NO GAME FOR KNIGHTS Review - Warped Factor - Words in the Key of Geek.

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Alexander Wallace plays the game.
Few archetypes are more alluring, more enduring, than the hard-boiled detective. From Raymond Chandler and others of his ilk, men (and more recently women) who take justice into their own hands to make a living are those who we just can’t stop reading about; as you may suspect, science fiction, fantasy, and horror, all genres that came into their own in the pulps not unlike hard-boiled detective fiction, have gleefully emulated those classics. Larry Correia and Kacey Ezell have compiled an anthology dedicated to that very subject: No Game for Knights, released in September 2022.

What No Game for Knights reminded me of more than anything else was another anthology, reviewed previously for a Warped Factor book talk article: Rogues, the cross-genre anthology edited by George R. R. Martin and Gardner Dozois about everyone’s favorite scoundrels, mountebanks, rascals, and ne’er-do-wells. Both Correia and Ezell on the one hand and Martin and Dozois on the other hand realized the freshness of anthologies based around characters more than scenarios, and then allowing writers free reign with those characters. Martin said in a 2007 interview with Weird Tales magazine (which I can find quoted elsewhere, but the original seems to have gone down) something that I think hits on the underlying philosophy of both:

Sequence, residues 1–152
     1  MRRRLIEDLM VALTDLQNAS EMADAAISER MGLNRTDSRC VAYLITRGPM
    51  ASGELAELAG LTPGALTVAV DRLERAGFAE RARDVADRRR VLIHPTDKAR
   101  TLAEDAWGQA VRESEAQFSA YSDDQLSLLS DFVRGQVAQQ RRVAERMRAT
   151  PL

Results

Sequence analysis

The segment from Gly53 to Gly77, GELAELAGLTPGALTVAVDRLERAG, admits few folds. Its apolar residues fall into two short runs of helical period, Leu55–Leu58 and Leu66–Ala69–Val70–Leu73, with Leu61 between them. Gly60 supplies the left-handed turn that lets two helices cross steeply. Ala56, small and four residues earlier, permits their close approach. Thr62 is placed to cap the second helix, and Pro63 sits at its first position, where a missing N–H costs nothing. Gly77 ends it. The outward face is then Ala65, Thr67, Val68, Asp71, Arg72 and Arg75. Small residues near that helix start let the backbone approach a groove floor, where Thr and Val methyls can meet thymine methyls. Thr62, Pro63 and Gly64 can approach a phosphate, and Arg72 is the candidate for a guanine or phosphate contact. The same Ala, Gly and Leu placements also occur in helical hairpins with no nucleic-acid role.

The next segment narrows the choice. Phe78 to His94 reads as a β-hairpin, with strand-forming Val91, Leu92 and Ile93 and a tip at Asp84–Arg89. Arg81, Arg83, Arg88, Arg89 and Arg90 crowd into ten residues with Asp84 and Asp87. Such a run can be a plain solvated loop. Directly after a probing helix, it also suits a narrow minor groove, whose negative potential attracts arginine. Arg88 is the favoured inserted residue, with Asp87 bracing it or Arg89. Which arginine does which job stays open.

“I think that for science fiction, fantasy, and even horror to some extent, the differences are skin-deep. I know there are elements in the field, particularly in science fiction, who feel that the differences are very profound, but I do not agree with that analysis. I think for me it is a matter of the furnishings. An elf or an alien may in some ways fulfill the same function, as a literary trope. It’s almost a matter of flavor. The ice cream can be chocolate or it can be strawberry, but it’s still ice cream. The real difference, to my mind, is between romantic fiction, which all these genres are a part of, and mimetic fiction, or naturalistic fiction.”

That’s what No Game for Knights does: embrace what is, on some level, an interchangeability between different types of fiction. On a literary level, it is in some ways quite profound, openly declaring an ability to prop up genre fiction’s hood and inspect the engine to see why we have so much doggone fun with it. The authors collected by Correia and Ezell have given you a bewildering variety of stories, including alternate history where the Nazis won the war (a story very much in my wheelhouse), urban fantasy in 1930s Los Angeles, space opera, animal fantasy, and many other permutations.

No Game for Knights is clever in a way that an academic may describe as metatextual, one that asks what we really enjoy. We don’t just like flavors, in isolation, for raw cocoa is bitter and vanilla beans taste like marshmallows; after all, we need something to texture the flavor to make it taste all the sweeter. That’s the hardboiled PI in all of these stories, the ice cream, and it tastes like heaven.

Alexander Wallace is an alternate historian, reader, and writer who moderates the Alternate History Online group on Facebook and the Alternate Timelines Forum on Proboards. He writes regularly for the Sea Lion Press blog and for NeverWas magazine, and also appears regularly on the Alternate History Show with Ben Kearns. He is a member of several alternate history fora under the name 'SpanishSpy.'

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